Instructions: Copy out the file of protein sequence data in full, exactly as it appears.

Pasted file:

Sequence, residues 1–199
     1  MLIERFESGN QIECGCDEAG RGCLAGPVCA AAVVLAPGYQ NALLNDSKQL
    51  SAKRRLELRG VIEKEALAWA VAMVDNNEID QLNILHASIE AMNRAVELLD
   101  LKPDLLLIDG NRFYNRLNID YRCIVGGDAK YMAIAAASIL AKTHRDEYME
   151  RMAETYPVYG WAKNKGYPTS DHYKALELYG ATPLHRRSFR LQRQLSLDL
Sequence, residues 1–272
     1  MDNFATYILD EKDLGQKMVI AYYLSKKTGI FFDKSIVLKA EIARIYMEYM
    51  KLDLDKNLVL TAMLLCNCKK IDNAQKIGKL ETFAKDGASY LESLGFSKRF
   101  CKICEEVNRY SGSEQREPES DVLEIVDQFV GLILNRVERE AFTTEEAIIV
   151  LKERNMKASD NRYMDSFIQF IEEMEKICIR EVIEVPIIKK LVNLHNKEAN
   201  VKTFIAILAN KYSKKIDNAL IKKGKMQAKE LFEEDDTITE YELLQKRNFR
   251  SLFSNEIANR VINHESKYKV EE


Sequence, residues 1–199
     1  MLIERFESGN QIECGCDEAG RGCLAGPVCA AAVVLAPGYQ NALLNDSKQL
    51  SAKRRLELRG VIEKEALAWA VAMVDNNEID QLNILHASIE AMNRAVELLD
   101  LKPDLLLIDG NRFYNRLNID YRCIVGGDAK YMAIAAASIL AKTHRDEYME
   151  RMAETYPVYG WAKNKGYPTS DHYKALELYG ATPLHRRSFR LQRQLSLDL
Sequence, residues 1–272
     1  MDNFATYILD EKDLGQKMVI AYYLSKKTGI FFDKSIVLKA EIARIYMEYM
    51  KLDLDKNLVL TAMLLCNCKK IDNAQKIGKL ETFAKDGASY LESLGFSKRF
   101  CKICEEVNRY SGSEQREPES DVLEIVDQFV GLILNRVERE AFTTEEAIIV
   151  LKERNMKASD NRYMDSFIQF IEEMEKICIR EVIEVPIIKK LVNLHNKEAN
   201  VKTFIAILAN KYSKKIDNAL IKKGKMQAKE LFEEDDTITE YELLQKRNFR
   251  SLFSNEIANR VINHESKYKV EE